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In this Morning Brief, we open with the European Biotech Week 2022, celebrating biotechnology, an innovative and vibrant sector, there is also another event taking place next Monday at Técnico Lisbon and online, on 5P Medicine, the Commission has released a technical support instrument to help seventeen member states curb their reliance on Russian fossil fuels, childhood cancer experts urge the inclusion of UK and Swiss researchers in EU projects, and more!  

Any comments or suggestions, hit me up with an email on teresa.carvalho@inesc.pt.

In today's Morning Brief:

In today’s Morning Brief:

European Biotech Week 2022

The European Biotech Week celebrates biotechnology, an innovative and vibrant sector launched by the discovery of the DNA molecule back in 1953. The first European Biotech Week that took place in 2013 marked the 60th anniversary of this pivotal moment in history.

Join the 10th edition of the European Biotech Week and become an official partner of EBW 2022! A week-long series of events (at local, regional, national and European level) will take place all over Europe, to celebrate biotechnology and its applications.

Find out more here.

 

DBE Lunch Seminar: An Engineering perspective on 5P Medicine – Current research and a roadmap proposal

Don’t’miss this upcoming DBE Lunch Seminar taking place on April 11th at Técnico Lisbon from 14h00 to 15h00, with Dr. Nuno M. Garcia.

Click here for the zoom link to attend the seminar.

 

Commission’s Technical Support Instrument to help 17 Member States curb their reliance on Russian fossil fuels

The Commission will offer technical support to help 17 Member States phase out their reliance on Russian fossil fuels, in line with the REPowerEU plan for more affordable, secure and sustainable energy.

The technical expertise will help Member States to identify and implement the best policy reforms and investments in areas such as diversifying energy supplies, accelerating the transition to renewable energy and increasing energy efficiency, in order to reach these joint European ambitions. Member States that requested and will receive this support over the coming months are Belgium, Bulgaria, Czechia, Estonia, Ireland, Greece, Spain, Croatia, Italy, Cyprus, Hungary, Poland, Portugal, Romania, Slovenia, Slovakia and Finland.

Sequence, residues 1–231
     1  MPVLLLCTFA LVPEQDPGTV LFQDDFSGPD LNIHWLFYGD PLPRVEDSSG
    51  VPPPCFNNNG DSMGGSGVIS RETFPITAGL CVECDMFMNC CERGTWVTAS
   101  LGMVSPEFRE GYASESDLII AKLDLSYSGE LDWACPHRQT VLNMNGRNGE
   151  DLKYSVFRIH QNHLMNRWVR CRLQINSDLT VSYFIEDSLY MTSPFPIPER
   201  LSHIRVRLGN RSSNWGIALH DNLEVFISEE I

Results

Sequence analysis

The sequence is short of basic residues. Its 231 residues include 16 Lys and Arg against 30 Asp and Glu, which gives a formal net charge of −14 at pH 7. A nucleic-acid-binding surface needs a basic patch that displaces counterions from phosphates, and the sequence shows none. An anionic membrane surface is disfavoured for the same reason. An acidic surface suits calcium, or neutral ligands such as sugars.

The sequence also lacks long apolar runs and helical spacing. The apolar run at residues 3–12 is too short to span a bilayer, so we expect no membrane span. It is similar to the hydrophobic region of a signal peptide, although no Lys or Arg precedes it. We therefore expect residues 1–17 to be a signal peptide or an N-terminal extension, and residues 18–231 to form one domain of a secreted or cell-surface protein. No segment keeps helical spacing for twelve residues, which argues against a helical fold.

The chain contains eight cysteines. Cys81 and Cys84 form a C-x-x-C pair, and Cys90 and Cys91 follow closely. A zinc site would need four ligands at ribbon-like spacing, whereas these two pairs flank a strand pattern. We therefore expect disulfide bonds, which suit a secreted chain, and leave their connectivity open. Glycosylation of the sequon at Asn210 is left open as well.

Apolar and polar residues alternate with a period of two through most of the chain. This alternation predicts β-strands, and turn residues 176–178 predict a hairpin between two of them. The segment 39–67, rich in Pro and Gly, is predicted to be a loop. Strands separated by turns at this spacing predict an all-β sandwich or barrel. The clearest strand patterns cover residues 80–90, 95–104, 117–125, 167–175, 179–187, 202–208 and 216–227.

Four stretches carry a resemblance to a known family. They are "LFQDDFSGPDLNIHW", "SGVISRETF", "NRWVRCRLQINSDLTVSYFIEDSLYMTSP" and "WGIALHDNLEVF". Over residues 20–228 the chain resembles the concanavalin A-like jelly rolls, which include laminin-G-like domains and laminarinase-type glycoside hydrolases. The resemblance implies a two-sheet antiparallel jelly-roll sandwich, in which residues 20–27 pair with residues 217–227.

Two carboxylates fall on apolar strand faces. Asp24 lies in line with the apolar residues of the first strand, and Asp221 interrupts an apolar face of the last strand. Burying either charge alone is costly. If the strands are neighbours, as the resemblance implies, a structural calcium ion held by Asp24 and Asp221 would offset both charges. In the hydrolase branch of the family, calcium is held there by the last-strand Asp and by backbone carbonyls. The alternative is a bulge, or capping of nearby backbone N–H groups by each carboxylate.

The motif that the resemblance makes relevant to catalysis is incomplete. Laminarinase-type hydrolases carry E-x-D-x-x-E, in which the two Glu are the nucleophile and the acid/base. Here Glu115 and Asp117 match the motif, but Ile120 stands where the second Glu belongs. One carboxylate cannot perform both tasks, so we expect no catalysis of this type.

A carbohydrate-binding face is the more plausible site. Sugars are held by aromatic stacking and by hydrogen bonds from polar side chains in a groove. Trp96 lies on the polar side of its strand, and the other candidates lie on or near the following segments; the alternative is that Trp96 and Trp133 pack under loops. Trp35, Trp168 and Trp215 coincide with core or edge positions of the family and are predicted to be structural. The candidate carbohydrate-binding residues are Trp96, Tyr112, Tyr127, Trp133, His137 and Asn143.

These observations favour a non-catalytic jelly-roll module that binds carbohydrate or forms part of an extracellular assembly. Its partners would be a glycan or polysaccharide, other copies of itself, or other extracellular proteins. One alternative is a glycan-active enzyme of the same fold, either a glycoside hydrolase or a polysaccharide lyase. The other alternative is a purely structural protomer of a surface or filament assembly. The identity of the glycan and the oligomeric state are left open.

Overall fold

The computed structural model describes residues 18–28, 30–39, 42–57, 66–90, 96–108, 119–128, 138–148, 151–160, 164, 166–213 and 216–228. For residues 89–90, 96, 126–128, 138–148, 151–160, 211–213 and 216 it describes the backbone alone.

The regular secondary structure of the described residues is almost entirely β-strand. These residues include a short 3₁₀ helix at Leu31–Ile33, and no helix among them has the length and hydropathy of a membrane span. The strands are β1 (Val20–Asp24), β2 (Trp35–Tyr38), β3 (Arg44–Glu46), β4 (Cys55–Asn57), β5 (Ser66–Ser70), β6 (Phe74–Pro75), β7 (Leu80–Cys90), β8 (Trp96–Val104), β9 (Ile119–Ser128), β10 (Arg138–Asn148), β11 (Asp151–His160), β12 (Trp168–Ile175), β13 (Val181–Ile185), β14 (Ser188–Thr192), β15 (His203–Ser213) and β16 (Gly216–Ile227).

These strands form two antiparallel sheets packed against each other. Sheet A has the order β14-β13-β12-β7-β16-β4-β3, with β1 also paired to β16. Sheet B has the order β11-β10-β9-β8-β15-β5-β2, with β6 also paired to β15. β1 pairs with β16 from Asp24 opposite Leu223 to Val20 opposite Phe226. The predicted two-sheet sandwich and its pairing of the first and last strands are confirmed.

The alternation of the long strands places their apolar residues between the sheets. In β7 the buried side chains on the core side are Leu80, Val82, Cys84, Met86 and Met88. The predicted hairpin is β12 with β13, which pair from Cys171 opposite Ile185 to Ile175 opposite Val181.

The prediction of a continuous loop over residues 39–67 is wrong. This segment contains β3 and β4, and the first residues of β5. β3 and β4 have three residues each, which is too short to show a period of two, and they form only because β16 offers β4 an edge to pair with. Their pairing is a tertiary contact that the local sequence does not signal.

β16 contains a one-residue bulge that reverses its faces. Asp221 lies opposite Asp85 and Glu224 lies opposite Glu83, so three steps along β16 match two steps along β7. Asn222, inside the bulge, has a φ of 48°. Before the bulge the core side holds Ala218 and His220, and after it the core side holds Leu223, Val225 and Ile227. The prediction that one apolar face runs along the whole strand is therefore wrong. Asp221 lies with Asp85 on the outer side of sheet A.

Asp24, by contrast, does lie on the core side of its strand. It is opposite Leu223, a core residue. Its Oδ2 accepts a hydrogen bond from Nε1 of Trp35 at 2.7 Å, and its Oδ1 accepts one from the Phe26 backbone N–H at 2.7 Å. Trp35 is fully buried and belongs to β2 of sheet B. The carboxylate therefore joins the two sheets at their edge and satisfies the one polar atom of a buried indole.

On 21 March 2022, in the aftermath of Russia’s aggression to Ukraine, the Commission launched a dedicated call inviting Member States to express their interest in receiving technical support. All the requests submitted by the Member States have been assessed and approved by the Commission. The expertise is provided under the Technical Support Instrument (TSI), managed by the Commission. It will support phasing out Member States’ reliance on Russian fossil fuels and help in mitigating price shocks in the medium term, including by accelerating the EU’s green transition, whilst taking the interregional and cross-border dimensions into account.

Click here to read more.

Technical Support Instrument (TSI).

Reform Support Website.

 

Ensuring radiation protection: Commission takes Portugal to Court to guarantee citizens’ protection from ionizing radiation-exposure risks

The Commission is taking legal steps to ensure the protection of citizens, workers and patients against the dangers arising from exposure to ionising radiation. Today, the Commission decided to refer Portugal to the Court of Justice of the European Union for failing to fully transpose the EU’s revised Basic Safety Standards Directive (Council Directive 2013/59/Euratom) into national legislation.

Member States were required to transpose the Directive by 6 February 2018. The Commission has been providing continuous support to the Member States to properly transpose the rules. In November 2019, the Commission sent a reasoned opinion to Portugal requesting it to notify to the Commission all of its transposition measures for the Directive. Since then, Portugal has notified additional transposition measures, but has not yet established a national action plan addressing long-term risks from exposures to radon, as required by the Directive. Therefore, the Commission is referring Portugal to the Court of Justice today.